The Yomiuri ShimbunTokyo Gov. Yuriko Koike expressed her readiness to help establish a new political party on the national stage in an interview with The Yomiuri Shimbun on Tuesday.
Regarding a new political association called “Nippon First no Kai” (Japan First group), which was set up by a House of Representatives lawmaker close to her, Koike said: “It’s important to show [voters] alternatives. [Public opinion] is going through changes because there is no alternative.”
When asked about the defeats of both the ruling Liberal Democratic Party and the largest opposition Democratic Party in the Tokyo Metropolitan Assembly election last month, the governor said: “Current trends demonstrate existing political parties cannot properly reflect public opinion. The speed at which information is disseminated has become overwhelmingly fast as social media is being utilized in an unprecedented manner.
“A [political] organization requires time to achieve consensus on moving forward,” she said.
Koike will entrust the upcoming political party’s policies to Nippon First, she said.
The governor positively evaluated the moves by the DP and nonaffiliated lawmakers to seek coordination with Nippon First. “There are lawmakers who wonder if it’s really OK to let the current situation drag on,” she said.
On the question of whether a so-called “third-pole” party — which is distinct from existing parties such as the LDP and the DP — should aim to grab power, Koike only said the realization of a third-pole party to grab power is “not so simple. The Japanese people’s sense of balance does not make it possible.”
Koike is scheduled to give a lecture at the first meeting of Nippon First’s political school on Sept. 16.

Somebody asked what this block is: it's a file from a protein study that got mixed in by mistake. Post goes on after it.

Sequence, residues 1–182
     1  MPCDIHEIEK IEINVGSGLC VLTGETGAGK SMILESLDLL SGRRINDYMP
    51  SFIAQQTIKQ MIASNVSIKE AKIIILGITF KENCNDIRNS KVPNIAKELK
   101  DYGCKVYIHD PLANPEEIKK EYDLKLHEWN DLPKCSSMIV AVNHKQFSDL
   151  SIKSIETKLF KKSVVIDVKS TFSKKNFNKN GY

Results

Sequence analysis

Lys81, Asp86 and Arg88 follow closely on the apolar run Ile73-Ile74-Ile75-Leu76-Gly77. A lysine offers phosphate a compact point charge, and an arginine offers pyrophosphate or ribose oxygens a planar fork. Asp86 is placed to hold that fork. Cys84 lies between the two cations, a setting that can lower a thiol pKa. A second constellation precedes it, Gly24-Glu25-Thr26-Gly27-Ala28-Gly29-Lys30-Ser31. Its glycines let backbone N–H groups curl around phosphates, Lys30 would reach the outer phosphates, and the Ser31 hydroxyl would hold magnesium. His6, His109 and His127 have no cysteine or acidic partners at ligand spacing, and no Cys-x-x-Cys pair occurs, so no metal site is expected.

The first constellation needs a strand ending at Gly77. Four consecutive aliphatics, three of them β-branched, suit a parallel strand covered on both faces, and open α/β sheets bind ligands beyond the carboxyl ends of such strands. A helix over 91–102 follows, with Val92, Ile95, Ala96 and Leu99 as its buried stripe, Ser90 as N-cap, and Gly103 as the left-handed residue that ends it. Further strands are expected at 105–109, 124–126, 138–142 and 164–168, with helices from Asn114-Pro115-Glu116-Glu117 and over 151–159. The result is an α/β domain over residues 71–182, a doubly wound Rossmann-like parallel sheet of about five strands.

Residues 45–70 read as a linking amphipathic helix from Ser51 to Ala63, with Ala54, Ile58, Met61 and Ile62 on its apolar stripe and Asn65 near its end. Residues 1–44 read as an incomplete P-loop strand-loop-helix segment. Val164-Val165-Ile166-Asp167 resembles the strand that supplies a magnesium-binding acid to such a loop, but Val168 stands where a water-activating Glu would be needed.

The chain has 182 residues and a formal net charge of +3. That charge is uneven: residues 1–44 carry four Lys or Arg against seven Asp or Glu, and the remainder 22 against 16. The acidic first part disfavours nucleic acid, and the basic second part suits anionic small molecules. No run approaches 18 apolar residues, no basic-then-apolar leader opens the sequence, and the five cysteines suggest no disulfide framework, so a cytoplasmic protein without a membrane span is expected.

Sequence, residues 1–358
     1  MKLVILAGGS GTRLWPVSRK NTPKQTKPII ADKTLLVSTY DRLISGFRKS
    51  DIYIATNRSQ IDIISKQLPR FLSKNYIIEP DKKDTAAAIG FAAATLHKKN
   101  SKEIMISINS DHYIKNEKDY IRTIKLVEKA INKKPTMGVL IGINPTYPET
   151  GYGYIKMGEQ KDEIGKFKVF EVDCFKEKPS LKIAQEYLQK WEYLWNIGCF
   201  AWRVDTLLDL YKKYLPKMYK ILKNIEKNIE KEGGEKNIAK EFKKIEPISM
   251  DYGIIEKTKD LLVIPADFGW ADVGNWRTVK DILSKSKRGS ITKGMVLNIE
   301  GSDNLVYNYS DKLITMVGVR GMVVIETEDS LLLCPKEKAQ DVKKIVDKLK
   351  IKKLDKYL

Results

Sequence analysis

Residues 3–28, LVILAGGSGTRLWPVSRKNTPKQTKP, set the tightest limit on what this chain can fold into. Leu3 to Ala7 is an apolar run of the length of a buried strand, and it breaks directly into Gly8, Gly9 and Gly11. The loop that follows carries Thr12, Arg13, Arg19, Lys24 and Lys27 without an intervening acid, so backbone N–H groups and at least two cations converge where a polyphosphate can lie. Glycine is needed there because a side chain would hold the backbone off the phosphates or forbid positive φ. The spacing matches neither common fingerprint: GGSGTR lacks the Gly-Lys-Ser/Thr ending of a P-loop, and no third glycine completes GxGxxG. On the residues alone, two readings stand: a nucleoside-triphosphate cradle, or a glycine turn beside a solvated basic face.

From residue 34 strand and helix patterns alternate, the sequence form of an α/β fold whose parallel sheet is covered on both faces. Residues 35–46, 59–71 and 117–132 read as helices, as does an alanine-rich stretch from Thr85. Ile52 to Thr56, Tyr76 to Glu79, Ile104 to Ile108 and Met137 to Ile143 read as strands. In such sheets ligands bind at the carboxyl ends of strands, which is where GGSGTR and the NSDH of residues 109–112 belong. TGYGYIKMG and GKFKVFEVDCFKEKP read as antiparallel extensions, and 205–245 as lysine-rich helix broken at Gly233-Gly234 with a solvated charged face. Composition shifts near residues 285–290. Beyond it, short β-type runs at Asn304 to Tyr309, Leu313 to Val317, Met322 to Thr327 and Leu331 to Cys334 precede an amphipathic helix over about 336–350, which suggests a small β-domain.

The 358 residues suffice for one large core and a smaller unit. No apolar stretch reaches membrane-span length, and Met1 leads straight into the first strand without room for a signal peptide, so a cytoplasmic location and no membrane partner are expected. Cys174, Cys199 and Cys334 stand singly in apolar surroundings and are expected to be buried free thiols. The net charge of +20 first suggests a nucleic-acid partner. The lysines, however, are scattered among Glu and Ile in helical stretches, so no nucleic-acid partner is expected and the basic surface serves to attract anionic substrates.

Koike’s move to set up a new party comes at a time when the DP is shaken by the defection of Goshi Hosono, the party’s former deputy president.
Nippon First is seen as a strategic move by Koike in preparation for setting up a political party in national politics. She will be in charge of its political school, called “Kisho Juku,” in an effort to train candidates for the next lower house election.
This method — selecting candidates through a political school — is a replay of the way she dealt with the Tokyo Metropolitan Assembly election in July.
At least five national-level lawmakers are required to join a party in order for it to be established nationally. Hosono submitted a letter of resignation from the DP on Tuesday to Yoshihiko Noda, the party’s secretary general.
Hosono told reporters of his willingness to pursue coordination with Nippon First. Referring to Masaru Wakasa, the head of Nippon First, Hosono said: “I’m paying close attention [to him]. I’d like to talk [to him] if such an opportunity arises.”
The five-member threshold will be met if Hosono is joined by Wakasa and three other nonaffiliated lawmakers — lower house member Akihisa Nagashima and House of Councillors members Yoshimi Watanabe and Shigefumi Matsuzawa — who all supported regional political party Tomin First no Kai (Tokyoites First group), then led by Koike, in the Tokyo poll. Speech